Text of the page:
Sunday, August 21, 2011

Life as a writer


I started writing young. Memories of writing comic-books as a fourth-grader my earliest. Always, though, insecurity drove me to destroy them. Fears of mockery, mostly. I knew, even then, how much better it should look. High standards choke productivity.

Junior high brought a new set of fears. God forbid I be found writing stories! Or worse, poetry! I delighted writing poems, but knew the doom of letting that go public. This idea brought shivers of terror. I couldn’t dream of a better way to put the junior-high-social-destroy-me-bulls-eye on. It saddens the forty-four-year-old me how much power I granted “them”.

As an adult, my fears still compell, though with a different face. Now I fear the inner critic, constantly rehashing every error, mistake, or lame word-use. But that’s only a piece. I, also, fear success. The demands of an audience! Wanting more of these characters. Wanting more of me. Success breeds an expectation of more success. What if I can’t?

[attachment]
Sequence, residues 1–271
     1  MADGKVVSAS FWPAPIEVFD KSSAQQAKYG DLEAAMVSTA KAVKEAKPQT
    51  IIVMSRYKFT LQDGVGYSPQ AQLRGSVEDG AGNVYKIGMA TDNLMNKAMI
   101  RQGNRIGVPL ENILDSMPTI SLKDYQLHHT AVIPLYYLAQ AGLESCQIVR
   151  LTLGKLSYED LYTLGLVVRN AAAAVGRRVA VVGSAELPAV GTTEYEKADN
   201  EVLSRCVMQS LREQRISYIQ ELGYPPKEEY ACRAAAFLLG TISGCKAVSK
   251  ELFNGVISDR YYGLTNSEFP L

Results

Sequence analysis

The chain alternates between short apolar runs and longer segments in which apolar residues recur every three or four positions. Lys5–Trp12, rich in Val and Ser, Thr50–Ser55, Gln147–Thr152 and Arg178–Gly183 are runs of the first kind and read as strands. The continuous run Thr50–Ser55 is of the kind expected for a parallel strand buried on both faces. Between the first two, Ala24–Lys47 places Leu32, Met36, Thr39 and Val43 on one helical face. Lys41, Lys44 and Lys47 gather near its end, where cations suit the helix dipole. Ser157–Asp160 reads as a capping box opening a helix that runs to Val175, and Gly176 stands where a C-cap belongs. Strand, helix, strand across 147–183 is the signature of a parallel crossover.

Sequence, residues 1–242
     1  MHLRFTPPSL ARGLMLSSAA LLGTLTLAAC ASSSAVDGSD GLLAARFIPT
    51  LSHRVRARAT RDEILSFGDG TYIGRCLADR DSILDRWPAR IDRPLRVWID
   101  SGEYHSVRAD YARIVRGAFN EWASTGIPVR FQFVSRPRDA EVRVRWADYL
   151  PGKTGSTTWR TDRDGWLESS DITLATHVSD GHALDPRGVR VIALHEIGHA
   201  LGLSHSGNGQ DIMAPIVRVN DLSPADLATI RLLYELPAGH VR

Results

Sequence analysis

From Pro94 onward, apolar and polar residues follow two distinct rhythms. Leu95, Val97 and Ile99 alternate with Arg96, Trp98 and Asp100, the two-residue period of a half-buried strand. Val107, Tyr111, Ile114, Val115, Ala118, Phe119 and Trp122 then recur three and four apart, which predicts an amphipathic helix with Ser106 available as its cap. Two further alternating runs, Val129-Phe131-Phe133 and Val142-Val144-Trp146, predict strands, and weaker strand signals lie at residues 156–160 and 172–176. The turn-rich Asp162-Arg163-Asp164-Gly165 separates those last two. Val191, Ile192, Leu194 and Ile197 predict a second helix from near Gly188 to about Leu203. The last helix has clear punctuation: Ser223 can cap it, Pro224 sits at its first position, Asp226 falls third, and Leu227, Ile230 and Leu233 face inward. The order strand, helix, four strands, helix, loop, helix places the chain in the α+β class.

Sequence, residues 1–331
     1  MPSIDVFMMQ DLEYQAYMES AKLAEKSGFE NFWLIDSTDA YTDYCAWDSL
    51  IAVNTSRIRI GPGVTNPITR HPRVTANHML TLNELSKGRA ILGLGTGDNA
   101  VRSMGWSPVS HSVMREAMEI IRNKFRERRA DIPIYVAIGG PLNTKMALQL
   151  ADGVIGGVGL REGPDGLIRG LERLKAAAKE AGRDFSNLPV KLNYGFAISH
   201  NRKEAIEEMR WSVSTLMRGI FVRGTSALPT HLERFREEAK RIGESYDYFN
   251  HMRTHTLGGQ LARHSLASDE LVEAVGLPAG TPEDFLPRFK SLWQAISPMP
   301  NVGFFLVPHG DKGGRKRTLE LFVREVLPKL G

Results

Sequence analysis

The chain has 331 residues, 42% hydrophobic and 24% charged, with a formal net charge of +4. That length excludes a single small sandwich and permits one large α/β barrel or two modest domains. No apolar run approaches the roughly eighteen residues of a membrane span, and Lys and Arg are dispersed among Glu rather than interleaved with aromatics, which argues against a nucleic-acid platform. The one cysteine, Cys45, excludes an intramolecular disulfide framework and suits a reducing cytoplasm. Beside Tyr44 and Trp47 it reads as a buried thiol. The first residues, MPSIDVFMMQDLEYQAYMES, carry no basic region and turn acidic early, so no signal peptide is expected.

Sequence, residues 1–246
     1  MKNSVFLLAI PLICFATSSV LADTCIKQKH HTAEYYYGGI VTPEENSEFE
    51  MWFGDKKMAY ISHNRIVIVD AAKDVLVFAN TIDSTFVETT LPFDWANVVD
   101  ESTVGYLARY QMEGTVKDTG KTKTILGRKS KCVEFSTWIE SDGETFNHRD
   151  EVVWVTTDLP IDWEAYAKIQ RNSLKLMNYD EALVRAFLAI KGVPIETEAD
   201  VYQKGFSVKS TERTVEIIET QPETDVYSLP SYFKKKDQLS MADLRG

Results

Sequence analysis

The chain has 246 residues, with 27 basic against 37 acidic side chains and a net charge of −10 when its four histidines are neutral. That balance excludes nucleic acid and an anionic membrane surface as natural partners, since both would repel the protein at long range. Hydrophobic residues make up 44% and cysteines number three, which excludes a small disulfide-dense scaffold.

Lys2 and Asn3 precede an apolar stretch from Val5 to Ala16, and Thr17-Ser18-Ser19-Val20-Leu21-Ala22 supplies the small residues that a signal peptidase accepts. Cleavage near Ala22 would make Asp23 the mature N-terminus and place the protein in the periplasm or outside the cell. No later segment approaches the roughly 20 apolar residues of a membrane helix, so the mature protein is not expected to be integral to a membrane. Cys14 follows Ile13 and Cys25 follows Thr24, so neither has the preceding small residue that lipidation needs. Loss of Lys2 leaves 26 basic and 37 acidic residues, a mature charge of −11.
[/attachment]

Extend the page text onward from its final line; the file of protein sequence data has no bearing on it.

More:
At least my journals do not face destruction, even as I read them and cringe. I often expect genius in the first draft. Well, “expect” seems too soft a word. Better put: demand! These journals, though, serve as outlet for my need to write. Safety in these words, tucked upon my shelf, only occasionally shared. They served to contain the dream. Keeping me both safe from my dreams, and from the glaring pain of critique. This blog helps, too. Seeing the hundreds of people reading it each month gratifies.

Why do I let fear drive me? Deep down, perhaps, I face a troll lurking in the basement of my psyche. Bearing a monstrous, booming voice which terrifies. If I dare to venture down, seeking its face, I see a minuscule beast. The power in facing fears.

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